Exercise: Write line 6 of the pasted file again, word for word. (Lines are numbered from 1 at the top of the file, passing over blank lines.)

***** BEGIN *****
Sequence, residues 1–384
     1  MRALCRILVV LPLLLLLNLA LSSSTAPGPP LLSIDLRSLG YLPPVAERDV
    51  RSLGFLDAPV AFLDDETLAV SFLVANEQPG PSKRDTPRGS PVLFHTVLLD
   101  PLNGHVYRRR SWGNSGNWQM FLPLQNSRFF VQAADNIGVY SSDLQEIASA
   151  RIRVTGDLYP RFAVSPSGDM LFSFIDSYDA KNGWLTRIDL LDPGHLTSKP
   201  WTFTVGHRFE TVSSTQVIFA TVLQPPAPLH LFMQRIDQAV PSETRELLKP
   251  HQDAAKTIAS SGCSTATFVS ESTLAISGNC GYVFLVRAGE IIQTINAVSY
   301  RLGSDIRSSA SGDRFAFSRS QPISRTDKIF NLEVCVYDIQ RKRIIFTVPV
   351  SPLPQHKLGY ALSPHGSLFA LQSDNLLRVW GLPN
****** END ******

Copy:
   201  WTFTVGHRFE TVSSTQVIFA TVLQPPAPLH LFMQRIDQAV PSETRELLKP